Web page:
Music games have always had that small, bemoaning crowd. “Why not just play a real guitar?” and so on. The obvious answer is that learning to play the guitar is hard work! It also costs a good chunk of money. Even with the pro guitar capabilities in Rock Band 3, it’s still a lot of work and lot of money for a new guitar controller (even more for the real guitar).
This is why it interested me to hear about Music Construction Set: The Blues. It’s a guitar synthesizer/simulator for PCs running Windows. While there are a ton of music synthesizers out there, the majority of them are meant to be played on a keyboard. As a hobbyist “bedroom DJ,” this is the first of its kind that I know of to use fake guitars to synthesize music.
So here’s the breakdown: you need a wired Xbox 360 Guitar Hero/Rock Band guitar or a wireless Xbox 360 guitar with a wireless receiver (which are admittedly hard to find in brick and mortar stores these days). You also need a webcam. I’m not exactly sure what is trying to be accomplished by requiring one, but you can’t do anything without it.
Once you have those set up, it’s time to launch the program. After a few splash screens, you’re given a simple screen and not a lot of direction, unless you go watch their YouTube videos. I watched the first one, and got the basic idea.
As you can see from the image above, the two most prevalent portions of the screen is the effects knob, which changes the tuning of the guitar sounds, and the camera output at the bottom right. The button to the left of the effects knob shows which mode your guitar controller is currently set to, rhythm or lead. Each mode has their own set of effects, and this can be changed from the guitar by hitting the back button.
The top blue button of the three buttons to the right of the effects knob determines whether the backing music is played. The music is very bluesy, which should be a given, considering the name of the software. The middle green button toggles on or off your microphone’s input, which is entirely optional. And the red bulls-eye button starts the recording progress with a three-second countdown.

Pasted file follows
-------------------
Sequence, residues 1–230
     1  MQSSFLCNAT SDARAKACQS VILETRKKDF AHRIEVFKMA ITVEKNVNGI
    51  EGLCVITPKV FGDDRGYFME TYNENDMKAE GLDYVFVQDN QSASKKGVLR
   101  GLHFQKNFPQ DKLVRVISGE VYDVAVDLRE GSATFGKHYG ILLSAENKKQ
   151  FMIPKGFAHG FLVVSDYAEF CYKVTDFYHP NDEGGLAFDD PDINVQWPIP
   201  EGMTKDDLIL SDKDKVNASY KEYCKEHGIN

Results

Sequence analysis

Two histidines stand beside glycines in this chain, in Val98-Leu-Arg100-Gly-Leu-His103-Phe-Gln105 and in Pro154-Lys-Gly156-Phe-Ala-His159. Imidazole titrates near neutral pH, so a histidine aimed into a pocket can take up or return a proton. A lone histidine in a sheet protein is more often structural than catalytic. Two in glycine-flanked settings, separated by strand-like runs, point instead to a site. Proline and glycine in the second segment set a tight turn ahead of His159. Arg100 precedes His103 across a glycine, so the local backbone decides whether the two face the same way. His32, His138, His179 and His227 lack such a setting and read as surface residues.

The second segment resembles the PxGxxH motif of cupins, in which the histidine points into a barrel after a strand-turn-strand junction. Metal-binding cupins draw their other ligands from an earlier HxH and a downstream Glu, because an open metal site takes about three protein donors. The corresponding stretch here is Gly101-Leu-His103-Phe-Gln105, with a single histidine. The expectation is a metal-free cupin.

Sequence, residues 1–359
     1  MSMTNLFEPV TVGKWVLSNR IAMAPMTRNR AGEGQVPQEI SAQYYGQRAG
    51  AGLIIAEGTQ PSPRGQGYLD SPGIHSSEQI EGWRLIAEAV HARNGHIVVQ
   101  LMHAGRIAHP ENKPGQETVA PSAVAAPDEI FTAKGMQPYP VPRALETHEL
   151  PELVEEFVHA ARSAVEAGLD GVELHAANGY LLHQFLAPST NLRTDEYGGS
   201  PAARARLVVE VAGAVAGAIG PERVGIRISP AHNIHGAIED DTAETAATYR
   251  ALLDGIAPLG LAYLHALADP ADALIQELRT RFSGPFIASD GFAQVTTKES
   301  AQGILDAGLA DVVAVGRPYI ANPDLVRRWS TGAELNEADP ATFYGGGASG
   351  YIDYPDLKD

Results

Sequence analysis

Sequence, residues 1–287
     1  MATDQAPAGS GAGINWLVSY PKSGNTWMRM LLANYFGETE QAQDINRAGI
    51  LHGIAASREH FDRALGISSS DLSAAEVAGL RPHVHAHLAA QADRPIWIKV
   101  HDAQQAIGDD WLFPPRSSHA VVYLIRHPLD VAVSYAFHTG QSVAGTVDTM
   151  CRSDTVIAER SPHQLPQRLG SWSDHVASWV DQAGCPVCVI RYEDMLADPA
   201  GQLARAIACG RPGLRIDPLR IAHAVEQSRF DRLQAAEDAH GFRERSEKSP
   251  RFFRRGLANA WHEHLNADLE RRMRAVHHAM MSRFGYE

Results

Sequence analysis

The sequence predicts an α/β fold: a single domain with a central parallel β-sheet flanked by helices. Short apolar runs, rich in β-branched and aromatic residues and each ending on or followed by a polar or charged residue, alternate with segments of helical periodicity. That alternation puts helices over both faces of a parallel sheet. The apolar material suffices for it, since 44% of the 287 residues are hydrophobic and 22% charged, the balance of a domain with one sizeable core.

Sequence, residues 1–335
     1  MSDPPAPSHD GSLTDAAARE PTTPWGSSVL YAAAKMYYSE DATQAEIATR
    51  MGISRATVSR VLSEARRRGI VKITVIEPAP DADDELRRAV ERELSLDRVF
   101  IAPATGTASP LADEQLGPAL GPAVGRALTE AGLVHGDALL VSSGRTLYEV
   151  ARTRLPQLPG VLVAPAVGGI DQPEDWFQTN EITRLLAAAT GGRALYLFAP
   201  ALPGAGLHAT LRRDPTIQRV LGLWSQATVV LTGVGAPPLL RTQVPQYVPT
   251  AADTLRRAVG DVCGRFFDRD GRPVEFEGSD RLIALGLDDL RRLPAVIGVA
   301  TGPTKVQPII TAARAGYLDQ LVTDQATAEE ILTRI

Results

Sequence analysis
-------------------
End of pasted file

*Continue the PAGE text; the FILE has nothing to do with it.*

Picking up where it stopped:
When you’re done recording, Music Construction Set processes the video for you and gives you three options, cancel, which discards the video, preview, which opens the video in an external video player, and upload, which uploads the video to YouTube with your credentials.
I’ve been asked to give my impressions on the current beta of Music Construction Set: The Blues. And to be honest, while I like where it’s headed, I’m not too impressed.
Being a music nerd, I love all of the different samples used in the program. These are real samples that have been engineered for quality, not some fake pre-generated samples from a piece of software. The backing music generically fits the blues template, letting you do your thing on guitar without having to worry about them. Personally, I’m not sure how to make music that fits, considering I don’t listen to a lot of the blues, but I can easily see different genres being released once they get this first one gets out of beta.
The problems I have with Music Construction Set: The Blues are directly tied with computer hardware. The software red-lines my single-core 2.0GHz processor. I’m not sure how the software could even perform on a 1.2GHz Celeron processor they claim is the minimum CPU required. While it does run and record, there’s a severe lag when playing music (even with an ASIO driver as they recommend) that makes it hard for me to coherently make something up. Rendering the video takes a significant amount of time, and the program often goes unresponsive while doing so, making it hard to actually cancel the rendering.
The webcam requirement irks me. I don’t have one myself, instead I borrowed one in order to check Music Construction Set out. Other than that, the ability to upload straight to YouTube is awesome. I hope, though, that there will be another option eventually, even if it’s to save the video to your hard drive so you can upload to other services manually.
When I first downloaded the software, they claimed that only Guitar Hero controllers were supported, but I was able to use my Rock Band 2 wireless Stratocaster just fine. The solo buttons worked just like the other set. A patch was posted a few days ago that officially support Rock Band guitars.
While I have some complaints, I think if the minimum system requirements are increased to a proper level that allows playing without lag, or the software becomes more efficient at what it’s doing, then this will end up being a pretty good piece of music creation software. I could easily see a VSTi plugin being pretty successful if the developers were to go that route.